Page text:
It was fun to watch the penguins waddle down to the water and swim off, while others popped up out of the water and waddled up the shore to regurgitate food for their chicks.

The penguin chicks were very cute and fuzzy.

Carter enjoyed the penguins, though I think he enjoyed running around on the walkways just as much.

We then drove down to the Cape of Good Hope, which is not, incidentally, the southernmost point of Africa. Depending on the currents, it can mark the dividing point between the Atlantic and Indian Oceans. Its name is apparently a reference to the old sailing voyages from Europe to Asia that had to go around Africa. Those ships would often stop and resupply in Capetown, and so the passengers who'd been stuck on a ship for weeks were happy to see the Cape of Good Hope!

The water around the Cape is a gorgeous shade of turquoise, and there were some stunning white sand beaches below.

This photo is taken from Cape Point (the end of the Cape) looking north towards Africa. You can see water on both sides there: the Atlantic Ocean on the left and the Indian Ocean on the right.

You can hike up the steep hill to Cape Point or take a tram. (We did the latter.)

The view is insanely beautiful.

We took our time driving back, and checked out some of the gorgeous little beaches.

We got excited when we saw this ostrich: Carter's first sighting of African wildlife! But when we headed back out of the park later, we passed an ostrich farm just outside the gates -- so it was probably one from the farm that escaped, rather than a wild one!

We also saw some baboons -- definitely wild ones. There were signs all over warning that they could be dangerous, and that they know how to get in your car if you don't lock it!

The next day we drove out to Stellenbosch, one of the major wine regions in South Africa. We stayed at The Clouds, a winery with a hotel. We probably had a lovely view of the valley below, but it was rainy and cloudy the entire time we were there, so we never had a good view of it!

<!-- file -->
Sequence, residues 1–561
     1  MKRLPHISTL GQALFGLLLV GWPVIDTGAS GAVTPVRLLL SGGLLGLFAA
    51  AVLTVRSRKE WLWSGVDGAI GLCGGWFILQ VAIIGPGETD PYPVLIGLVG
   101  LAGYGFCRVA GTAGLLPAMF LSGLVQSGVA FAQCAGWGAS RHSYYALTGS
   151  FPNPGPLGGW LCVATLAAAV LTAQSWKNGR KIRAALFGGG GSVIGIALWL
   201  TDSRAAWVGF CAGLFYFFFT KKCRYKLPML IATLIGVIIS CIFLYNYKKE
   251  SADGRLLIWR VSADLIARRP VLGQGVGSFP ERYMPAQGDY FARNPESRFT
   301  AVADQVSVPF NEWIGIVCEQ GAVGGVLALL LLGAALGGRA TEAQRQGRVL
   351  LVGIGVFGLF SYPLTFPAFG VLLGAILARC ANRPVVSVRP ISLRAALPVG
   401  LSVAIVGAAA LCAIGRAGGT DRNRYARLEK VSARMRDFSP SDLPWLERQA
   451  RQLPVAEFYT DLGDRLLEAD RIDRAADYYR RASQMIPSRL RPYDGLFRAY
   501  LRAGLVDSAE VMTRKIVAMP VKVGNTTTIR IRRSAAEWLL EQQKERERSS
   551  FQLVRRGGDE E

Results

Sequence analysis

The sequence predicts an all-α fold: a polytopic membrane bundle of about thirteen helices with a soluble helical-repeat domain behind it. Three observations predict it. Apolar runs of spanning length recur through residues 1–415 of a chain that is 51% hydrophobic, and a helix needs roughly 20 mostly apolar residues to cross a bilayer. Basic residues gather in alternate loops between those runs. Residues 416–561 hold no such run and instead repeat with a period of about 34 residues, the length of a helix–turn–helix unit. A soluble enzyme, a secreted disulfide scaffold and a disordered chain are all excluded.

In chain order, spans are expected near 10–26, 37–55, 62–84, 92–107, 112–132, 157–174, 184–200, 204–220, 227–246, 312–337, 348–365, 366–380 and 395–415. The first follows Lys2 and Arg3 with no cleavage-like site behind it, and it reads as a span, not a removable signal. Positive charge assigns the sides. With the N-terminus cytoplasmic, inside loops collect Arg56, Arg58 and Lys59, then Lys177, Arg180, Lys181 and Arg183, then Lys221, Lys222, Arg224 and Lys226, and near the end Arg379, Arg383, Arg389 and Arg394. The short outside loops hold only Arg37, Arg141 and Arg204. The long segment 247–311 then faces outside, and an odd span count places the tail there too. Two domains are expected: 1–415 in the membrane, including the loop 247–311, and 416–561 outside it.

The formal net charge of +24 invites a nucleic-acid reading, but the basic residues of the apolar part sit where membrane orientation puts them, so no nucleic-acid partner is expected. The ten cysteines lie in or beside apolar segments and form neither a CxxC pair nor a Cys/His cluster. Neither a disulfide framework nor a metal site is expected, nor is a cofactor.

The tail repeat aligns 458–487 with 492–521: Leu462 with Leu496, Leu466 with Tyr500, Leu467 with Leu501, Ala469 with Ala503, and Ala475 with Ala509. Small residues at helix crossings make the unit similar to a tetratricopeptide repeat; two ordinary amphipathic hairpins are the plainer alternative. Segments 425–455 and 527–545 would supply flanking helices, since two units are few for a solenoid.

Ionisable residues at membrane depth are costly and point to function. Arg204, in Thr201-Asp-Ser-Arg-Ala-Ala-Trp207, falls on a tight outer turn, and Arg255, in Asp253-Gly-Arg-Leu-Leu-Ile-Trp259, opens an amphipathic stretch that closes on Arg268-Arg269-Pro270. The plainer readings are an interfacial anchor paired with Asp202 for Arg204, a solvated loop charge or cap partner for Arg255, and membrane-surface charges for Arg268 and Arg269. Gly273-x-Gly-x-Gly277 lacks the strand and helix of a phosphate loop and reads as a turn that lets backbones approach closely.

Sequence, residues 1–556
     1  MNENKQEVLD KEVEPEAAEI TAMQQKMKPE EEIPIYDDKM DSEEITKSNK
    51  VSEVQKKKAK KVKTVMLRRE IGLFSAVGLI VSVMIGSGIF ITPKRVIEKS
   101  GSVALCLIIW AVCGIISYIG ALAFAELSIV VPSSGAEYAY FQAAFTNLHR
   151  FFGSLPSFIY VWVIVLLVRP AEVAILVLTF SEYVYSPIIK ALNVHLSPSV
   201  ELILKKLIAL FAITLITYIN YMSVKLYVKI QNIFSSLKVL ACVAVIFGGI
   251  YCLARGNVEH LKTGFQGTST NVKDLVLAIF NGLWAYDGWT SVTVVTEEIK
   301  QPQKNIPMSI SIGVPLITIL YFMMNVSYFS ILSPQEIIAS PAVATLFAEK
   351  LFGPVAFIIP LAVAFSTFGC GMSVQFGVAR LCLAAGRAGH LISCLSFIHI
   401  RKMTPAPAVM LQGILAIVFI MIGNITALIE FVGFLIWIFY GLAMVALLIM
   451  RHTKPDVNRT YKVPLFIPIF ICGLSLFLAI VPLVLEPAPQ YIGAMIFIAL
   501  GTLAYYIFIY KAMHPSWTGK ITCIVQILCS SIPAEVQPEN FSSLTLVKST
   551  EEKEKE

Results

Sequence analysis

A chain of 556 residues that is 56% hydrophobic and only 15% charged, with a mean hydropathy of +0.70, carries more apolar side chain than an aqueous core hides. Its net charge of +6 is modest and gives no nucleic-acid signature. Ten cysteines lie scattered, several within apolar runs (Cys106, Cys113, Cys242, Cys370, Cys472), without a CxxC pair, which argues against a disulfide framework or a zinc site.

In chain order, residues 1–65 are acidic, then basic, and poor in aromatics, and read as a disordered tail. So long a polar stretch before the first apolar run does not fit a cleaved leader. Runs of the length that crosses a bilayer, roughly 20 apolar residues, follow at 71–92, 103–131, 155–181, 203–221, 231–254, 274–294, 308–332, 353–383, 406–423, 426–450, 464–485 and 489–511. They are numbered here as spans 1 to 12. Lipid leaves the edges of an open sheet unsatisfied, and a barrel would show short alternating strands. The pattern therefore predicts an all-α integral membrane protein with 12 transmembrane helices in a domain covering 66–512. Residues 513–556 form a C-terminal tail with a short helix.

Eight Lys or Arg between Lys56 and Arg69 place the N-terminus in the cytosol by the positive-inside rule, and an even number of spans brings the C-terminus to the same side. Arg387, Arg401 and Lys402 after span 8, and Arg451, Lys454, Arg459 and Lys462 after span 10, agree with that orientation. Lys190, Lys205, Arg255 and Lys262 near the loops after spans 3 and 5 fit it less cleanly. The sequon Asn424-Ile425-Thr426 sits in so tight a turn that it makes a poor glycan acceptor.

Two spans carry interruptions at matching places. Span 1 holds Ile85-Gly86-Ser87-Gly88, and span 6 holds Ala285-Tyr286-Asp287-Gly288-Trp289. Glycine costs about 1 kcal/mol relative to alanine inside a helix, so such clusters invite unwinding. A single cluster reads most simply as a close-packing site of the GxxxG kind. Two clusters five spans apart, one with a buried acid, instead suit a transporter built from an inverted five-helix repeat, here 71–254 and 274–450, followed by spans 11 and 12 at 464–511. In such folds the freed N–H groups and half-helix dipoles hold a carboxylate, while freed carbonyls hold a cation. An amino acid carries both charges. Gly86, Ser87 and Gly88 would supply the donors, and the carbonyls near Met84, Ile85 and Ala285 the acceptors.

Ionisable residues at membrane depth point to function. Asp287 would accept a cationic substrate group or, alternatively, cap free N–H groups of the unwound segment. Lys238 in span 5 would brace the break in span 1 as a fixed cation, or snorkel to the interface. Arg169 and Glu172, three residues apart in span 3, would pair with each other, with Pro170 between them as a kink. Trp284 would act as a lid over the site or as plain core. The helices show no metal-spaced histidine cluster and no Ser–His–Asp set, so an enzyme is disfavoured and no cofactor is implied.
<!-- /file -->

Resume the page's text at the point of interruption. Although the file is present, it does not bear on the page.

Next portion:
This region includes Stellenbosch, Franschoek, and several other famous appellations. We had three days here, and we spent parts of those days relaxing in our hotel room (especially when it poured rain outside) and parts visiting wineries. The entire region is dramatically beautiful, with lush valleys and rocky mountains.

Carter had an encounter with a large dog at one of the first wineries we visited. It's giving him a rather slobbery kiss here.

The wine estates in South Africa were all more opulent than the ones we've seen in North America and Australia, much more reminiscent of the South American wineries in style.

Carter was fairly patient with us! Exploring the winery and its grounds is something he usually enjoys.

Glen Carlou was one of our favorites. Unfortunately, one of the bottles we bought here turned out to be corked!

Noble Hill was another fantastic find. We enjoyed nearly everything we tasted here.

I think this was the best view of the valley we had.

By day three, Carter's patience was running out.

But when the rain stopped and he could run around outside again, he suddenly didn't want to leave!

One of the most interesting wineries we visited was the Ernie Els Winery, owned by the famous golfer. The winery was clearly a vanity project! Everything about the winery, from the design of the estate to the style of the wines to the attitude of the people pouring it, had been carefully crafted to create a particular sort of experience. The wines were big and over-the-top, and the pours were full glasses, and the staff kept talking about "Ernie's sophisticated Bordeaux-attuned palate" and so on. It was highly entertaining.

The views from the winery were definitely beautiful, though. Ernie picked a lovely spot.